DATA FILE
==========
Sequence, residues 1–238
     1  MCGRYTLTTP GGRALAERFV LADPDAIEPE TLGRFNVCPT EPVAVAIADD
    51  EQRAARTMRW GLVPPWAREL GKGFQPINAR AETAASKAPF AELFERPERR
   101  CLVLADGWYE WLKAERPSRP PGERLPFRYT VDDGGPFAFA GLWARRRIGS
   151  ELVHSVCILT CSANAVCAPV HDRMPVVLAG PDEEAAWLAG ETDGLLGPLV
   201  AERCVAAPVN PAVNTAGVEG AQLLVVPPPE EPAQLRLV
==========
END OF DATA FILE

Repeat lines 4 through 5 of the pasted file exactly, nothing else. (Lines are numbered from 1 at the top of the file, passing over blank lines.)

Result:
   101  CLVLADGWYE WLKAERPSRP PGERLPFRYT VDDGGPFAFA GLWARRRIGS
   151  ELVHSVCILT CSANAVCAPV HDRMPVVLAG PDEEAAWLAG ETDGLLGPLV